That's why Southern Oregon University created SOAR, Southern Oregon Arts and Research

SOAR gives students and their teachers a chance to strut their stuff, show the world what they've been working on. 

Edward J. O'Neill/National Fish and Wildlife Service

The ongoing efforts to distribute water in drought years always cause concern for someone. 

We recently visited with the Klamath Water and Power Authority about its program to pay some landowners to pump groundwater rather than irrigate. 

Some observers are less interested in the details than in the fact that it happens at all. 

Klamath River observer and critic Felice Pace certainly has some questions. 

University of Wisconsin

The Dalai Lama is one of the world's foremost speakers for peace, and Thupten Jinpa has frequently been by his side, speaking the actual words. 

Jinpa is the Dalai Lama's chief english translator, and a speaker and researcher in his own right. 

Jinpa translated for the Dalai Lama in Eugene two years ago, and returns this week (May 10th) to speak on "Fearlessness and Compassion: Cultivating the Courage to Change the World." 

Wolves, an unrecognized (by the federal government) tribe, and non-violent revolutions are among the topics in this week of the Jefferson Exchange.

We'll also hear about real evidence of the Biblical flood Noah experienced, how to get the kids to play nicely, and how to find the good in just about anybody.

The week's guests and topics are still developing... here's the list so far:

River Design Group

When the talk turns to removing dams from streams, the attention turns to the Klamath River. 

But while the long process of (maybe) removing four large dams inches forward, smaller projects are underway. 

WaterWatch of Oregon is one of several players working to remove a pair of small dams from Evans Creek, a tributary of the Rogue River.

It seems only appropriate to begin a fundraiser against hunger with an empty bowl. 

And that's just how the Empty Bowls Supper organized by Ashland's Peace House starts. 

Attendees do get to put food in the bowl, but they also have to put some money in the kitty to continue several anti-hunger programs in the area. 

Penguin Books

We admit it: we could not say no to the guy who created Walt Longmire

Longmire is a fictional sheriff in a western county, the title character of books and a TV series. 

Craig Johnson tells the latest installment of the sheriff's adventures in "Dry Bones," hitting bookshelves next week.

We're still trying to figure out what Diana Abu-Jaber does NOT do; she's good at so many things.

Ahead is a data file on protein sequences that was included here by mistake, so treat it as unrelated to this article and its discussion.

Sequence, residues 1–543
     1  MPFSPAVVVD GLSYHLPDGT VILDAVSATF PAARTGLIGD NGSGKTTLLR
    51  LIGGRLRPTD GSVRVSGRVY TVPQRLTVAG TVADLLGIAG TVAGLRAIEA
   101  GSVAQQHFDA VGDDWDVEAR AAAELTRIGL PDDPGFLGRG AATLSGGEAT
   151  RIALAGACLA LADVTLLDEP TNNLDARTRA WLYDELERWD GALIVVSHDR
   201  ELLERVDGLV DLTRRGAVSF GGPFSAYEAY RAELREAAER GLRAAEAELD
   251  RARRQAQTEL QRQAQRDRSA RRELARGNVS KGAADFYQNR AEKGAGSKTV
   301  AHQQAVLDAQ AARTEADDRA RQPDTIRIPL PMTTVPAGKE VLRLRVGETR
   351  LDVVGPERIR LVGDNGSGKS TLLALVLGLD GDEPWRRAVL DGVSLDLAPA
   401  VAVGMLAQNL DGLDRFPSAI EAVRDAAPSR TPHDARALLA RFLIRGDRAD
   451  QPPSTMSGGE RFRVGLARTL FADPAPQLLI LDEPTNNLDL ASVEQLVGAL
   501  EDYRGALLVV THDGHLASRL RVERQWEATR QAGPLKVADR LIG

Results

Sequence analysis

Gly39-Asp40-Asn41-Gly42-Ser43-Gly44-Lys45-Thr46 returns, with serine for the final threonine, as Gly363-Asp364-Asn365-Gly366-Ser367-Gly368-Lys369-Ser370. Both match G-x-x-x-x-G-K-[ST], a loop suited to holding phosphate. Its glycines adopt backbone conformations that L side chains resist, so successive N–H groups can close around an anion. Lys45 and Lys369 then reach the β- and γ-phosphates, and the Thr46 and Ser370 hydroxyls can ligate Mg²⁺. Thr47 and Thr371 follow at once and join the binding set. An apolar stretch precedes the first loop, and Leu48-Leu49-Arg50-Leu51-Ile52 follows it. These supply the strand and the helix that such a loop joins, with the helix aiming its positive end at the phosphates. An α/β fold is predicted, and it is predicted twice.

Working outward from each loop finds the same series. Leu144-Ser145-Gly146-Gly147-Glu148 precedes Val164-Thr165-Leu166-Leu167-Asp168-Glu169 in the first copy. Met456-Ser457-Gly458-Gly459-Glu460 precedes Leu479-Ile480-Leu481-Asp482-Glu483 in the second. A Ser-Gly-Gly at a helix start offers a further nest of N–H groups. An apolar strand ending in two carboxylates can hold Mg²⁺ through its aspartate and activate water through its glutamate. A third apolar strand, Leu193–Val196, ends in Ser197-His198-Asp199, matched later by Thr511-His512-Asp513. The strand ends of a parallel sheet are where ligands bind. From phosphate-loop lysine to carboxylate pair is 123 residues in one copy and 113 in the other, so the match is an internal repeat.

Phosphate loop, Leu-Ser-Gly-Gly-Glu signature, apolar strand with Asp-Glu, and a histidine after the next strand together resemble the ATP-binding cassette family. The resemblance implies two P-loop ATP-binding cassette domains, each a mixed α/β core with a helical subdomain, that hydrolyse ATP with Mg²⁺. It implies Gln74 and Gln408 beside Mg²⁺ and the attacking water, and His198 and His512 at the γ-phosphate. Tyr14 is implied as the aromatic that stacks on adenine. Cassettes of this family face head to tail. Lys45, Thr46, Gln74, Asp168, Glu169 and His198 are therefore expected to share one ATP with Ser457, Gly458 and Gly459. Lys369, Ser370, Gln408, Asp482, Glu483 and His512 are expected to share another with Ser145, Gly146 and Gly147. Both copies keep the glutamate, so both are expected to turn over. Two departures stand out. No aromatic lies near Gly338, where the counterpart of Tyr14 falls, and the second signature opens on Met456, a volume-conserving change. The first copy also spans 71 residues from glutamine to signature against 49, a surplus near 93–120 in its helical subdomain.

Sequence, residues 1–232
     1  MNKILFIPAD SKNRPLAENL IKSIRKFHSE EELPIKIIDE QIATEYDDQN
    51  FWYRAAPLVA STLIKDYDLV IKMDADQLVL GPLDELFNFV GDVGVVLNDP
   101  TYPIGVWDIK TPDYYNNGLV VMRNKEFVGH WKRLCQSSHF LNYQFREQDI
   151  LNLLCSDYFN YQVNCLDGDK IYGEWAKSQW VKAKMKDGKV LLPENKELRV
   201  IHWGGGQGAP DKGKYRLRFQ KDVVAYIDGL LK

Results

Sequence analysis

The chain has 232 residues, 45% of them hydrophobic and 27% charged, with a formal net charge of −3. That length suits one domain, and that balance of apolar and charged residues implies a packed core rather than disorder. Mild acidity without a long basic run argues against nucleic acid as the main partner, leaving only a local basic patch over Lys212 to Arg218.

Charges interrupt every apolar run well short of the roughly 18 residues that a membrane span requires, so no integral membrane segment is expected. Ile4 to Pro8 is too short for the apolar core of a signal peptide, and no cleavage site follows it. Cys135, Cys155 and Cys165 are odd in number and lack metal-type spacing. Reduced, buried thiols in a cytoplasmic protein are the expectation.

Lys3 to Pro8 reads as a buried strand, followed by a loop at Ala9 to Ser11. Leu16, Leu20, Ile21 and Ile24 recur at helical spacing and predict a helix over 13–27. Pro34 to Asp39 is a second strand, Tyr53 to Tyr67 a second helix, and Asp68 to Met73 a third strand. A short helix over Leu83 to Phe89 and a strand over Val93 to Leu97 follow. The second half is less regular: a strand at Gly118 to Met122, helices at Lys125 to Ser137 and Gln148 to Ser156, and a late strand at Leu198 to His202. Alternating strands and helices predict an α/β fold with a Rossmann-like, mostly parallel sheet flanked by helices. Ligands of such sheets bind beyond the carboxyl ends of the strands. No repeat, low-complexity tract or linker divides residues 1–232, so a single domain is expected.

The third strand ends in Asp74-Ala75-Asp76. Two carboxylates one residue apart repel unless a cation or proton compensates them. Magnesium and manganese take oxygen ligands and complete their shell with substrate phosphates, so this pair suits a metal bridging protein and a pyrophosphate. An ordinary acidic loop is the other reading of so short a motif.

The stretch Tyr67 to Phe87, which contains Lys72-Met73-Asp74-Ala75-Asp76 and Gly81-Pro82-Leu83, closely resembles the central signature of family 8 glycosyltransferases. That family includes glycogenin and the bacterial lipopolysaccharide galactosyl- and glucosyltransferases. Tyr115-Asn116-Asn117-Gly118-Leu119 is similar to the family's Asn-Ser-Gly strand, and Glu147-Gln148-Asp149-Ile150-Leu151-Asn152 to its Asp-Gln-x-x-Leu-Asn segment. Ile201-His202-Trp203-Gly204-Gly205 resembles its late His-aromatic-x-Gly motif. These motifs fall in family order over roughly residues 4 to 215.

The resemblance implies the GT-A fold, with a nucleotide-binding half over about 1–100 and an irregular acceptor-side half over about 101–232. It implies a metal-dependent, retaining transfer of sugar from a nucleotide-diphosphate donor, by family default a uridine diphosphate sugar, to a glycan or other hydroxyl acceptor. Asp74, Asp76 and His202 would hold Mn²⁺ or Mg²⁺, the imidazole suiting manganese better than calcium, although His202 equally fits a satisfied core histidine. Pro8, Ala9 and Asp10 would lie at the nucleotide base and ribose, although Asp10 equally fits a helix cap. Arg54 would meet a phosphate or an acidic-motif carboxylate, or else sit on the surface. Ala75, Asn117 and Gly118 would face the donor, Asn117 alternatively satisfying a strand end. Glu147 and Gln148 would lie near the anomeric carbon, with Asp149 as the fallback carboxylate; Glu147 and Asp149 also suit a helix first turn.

Novelist, cookbook author, teacher, speaker... and there's more. 

Abu-Jaber will be the keynote author at the Northwest Women Writers Symposium later this week in Eugene (May 7-9). 

The passage of a gun control bill in the Oregon legislature made three legislators instant targets for recall campaigns.  An appropriate use of the recall?  Tell us on VENTSday. 

Or give your thoughts on surcharges on traffic tickets, a big issue in California right now. 

Our weekly VENTSday segment puts the listeners front and center. We throw a pair of topics on the table, and let callers and emailers vent--politely--on those topics.

Topics range from the global to the hyper-local, and all responsible opinions are welcome. We bring the topics, you bring the opinions.

Chronicle Books

Joanne Chang got our mouths watering last time she joined us on the Exchange.  Now she's doing the same thing again, just with less sugar. 

Joanne is the creator of "Flour" and "Flour, Too," legendary bakery/cafes in the Boston area. 

She's conscious of the fact that people expect most baked goods to be SWEET, but the sweet is not terribly healthy. 

Chang addresses the issue in her latest book Baking With Less Sugar.


Declining federal timber revenue has driven Josephine County to the brink of insolvency. 

And the impact has been most acutely felt in public safety, where just a handful of deputies are available to patrol for the sheriff's department. 

Voters have rejected several property tax levies to boost patrols, and they get another chance to decide a levy, in the May 19th election. 

Measure 17-66 is the latest effort, and we will hear both sides in this hour.